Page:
Between 2009 and 2010, I lost almost a million naira from the Pozi spree of that period. I started investing with my greed cheering me instead of my senses directing me. I see that the trend is back and many are also hurrying to the slaughter with their senses safely tucked away.
I felt I was the smartest dude then and anyone who tried to advise me got the response of “na who get mind they make am”. Most erroneously, I felt intelligent because everyone was doing it. But when the bubble went south and I lost all my savings of working with Diamond bank and almost my dream of going to the University, then I became more interested in understanding business, the psychology of money and sound investment principles.
One of the most obvious yet very dangerous signals of economic crunch is the prevalence of Ponzi schemes and crowd stupidity. In a bid to meet the basic needs, man can unman himself just to get along.
But the worst of it all is that the misdirection and misinformation that accompanies it is usually great and unprecedented.
The greatest problem of it all is that people find ways to adopt crowd behaviour without ever questioning the intelligence and rational of such. Worst of it, human memory is short and forgets too soon. Hence, history always finds a way of repeating itself. In fact, with the glamour of the 21st century and the internet, the past is quickly forgotten as we are constantly seduced and lured into the ignorant biases of the crowd even when we know that we are all headed for doom.
Many people keep asking me my opinion on the prevalence of all the Ponzi schemes making round. I don’t have a perfect answer as no one does, neither can I see the future to know the ones that will collapse tomorrow or last till the next 50 years but these are my take:
- Any investment that is driven by crowd intelligence is a wrong investment. The crowd is the worst group to take advice from when it comes to money.
- Any investment that is glamorously and vigorously marketed is not a right investment or it has already become stale as the “big fishes” must have taken the juiciest part of it all.
- Any investment that Barbers and Cab drivers have plenty information about and convince you of how it is the next big thing after the birth of Jesus is a wrong investment.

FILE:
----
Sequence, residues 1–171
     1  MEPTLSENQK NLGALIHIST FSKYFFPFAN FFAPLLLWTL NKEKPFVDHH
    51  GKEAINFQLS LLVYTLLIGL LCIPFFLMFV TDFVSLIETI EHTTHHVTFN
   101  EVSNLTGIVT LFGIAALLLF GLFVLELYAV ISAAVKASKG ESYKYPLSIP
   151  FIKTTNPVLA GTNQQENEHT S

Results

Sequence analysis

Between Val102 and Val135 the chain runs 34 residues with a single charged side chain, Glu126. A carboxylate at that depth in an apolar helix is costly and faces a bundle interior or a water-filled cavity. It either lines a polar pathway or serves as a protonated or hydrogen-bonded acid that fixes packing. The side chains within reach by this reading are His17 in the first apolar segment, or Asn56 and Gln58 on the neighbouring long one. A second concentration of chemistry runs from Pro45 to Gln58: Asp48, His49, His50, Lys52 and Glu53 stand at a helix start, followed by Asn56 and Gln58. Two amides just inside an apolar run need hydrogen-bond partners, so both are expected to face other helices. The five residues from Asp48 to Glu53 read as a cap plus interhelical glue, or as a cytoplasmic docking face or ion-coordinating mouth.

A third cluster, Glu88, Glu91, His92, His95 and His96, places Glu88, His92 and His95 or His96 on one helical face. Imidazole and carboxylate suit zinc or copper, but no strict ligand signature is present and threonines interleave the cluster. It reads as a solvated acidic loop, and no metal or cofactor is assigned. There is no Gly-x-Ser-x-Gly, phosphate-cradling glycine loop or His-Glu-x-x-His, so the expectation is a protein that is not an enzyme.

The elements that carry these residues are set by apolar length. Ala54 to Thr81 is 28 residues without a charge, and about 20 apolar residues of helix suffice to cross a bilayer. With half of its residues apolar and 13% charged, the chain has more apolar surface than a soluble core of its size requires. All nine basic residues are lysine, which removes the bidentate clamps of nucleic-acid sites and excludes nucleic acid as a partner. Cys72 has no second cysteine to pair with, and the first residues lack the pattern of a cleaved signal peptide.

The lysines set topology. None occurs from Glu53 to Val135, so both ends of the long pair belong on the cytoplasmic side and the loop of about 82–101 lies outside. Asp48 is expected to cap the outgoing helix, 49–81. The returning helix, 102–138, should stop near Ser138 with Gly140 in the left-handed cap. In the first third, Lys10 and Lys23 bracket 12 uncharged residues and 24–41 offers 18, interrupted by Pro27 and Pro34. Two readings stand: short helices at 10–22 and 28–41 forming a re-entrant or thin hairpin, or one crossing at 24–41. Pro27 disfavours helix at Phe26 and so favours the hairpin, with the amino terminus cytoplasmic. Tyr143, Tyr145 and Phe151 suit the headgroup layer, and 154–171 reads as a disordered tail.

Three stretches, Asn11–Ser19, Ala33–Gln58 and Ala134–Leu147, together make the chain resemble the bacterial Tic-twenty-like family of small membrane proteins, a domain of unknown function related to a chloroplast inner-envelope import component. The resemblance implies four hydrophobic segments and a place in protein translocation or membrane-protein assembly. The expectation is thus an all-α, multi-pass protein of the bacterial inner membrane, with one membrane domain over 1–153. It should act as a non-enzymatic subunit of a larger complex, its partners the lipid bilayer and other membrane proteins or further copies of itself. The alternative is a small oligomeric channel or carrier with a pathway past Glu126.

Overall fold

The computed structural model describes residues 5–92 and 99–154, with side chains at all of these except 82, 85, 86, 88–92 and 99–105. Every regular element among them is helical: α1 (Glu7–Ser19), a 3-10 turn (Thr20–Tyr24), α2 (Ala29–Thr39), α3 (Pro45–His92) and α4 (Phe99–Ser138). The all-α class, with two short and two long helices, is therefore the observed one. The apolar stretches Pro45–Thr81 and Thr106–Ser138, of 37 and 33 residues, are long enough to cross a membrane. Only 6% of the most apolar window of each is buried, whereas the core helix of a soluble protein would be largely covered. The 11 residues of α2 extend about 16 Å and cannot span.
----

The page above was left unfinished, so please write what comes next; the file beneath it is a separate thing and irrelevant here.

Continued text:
- Any investment that appreciates massively just as a result of demand and supply is a bubble, hence, not sustainable. Demand and supply always get to equilibrium point and when such point is not substantiated with business fundamentals, the underlying asset always falls flat burning people’s investment without leaving even ashes behind.
- Investments that suddenly become popular during a recession is no good one. such investments are driven by the worse market psychologies: greed and fear.
- Making your investment decision based on the moves of 1 or 2 billionaires is a very dumb thing to do. If Richard Branson or Bill gates takes a business risk with $50m, its impact on their net worth is highly insignificant. So they can comfortably lose the money and still be alive to die in peace soon. After all, they are already wealthy and old. When you use them as a benchmark and invest your life savings in the same scheme, you will find yourself in a coffin soon enough while your benchmarked billionaires take a trip to Fiji Island to cool off. Never use the risk experimentation of few billionaires to judge where to put your money. You don’t know what they know, lack their net worth, risk insurance, and risk appetite
- Investing in what you don’t understand because everyone is doing it is a financial suicide. You can justify your moves by starting with your spare cash, but you hardly stop there when the “gambling effect” fueled by greed takes over your sanity.
- Know your risk appetite and go where it can take you. Understand that as you gun for more returns, you are also gunning for more risk. It is an immortal lie to believe that you can increase your return without increasing your risk
- An investment that doesn’t have a business model that is verifiable and flexible to changing economic position is always wrong and will lose money soon enough.
I’m not against you playing with your financial life, you can enjoy the process. After all, experience is the best teacher. But it would be wiser if you can learn from the experience of others and history rather than your own.
Before you put your hand in a burning fire, also be ready to bear the burns without complaining. Or at best, wear a fire proof. This you can do by developing watertight strategies that can protect you while you spin the roulette.
In all you do, make sure you stay safe and intelligent.
A word is enough for the wise!!!
Sincerely Yours in value,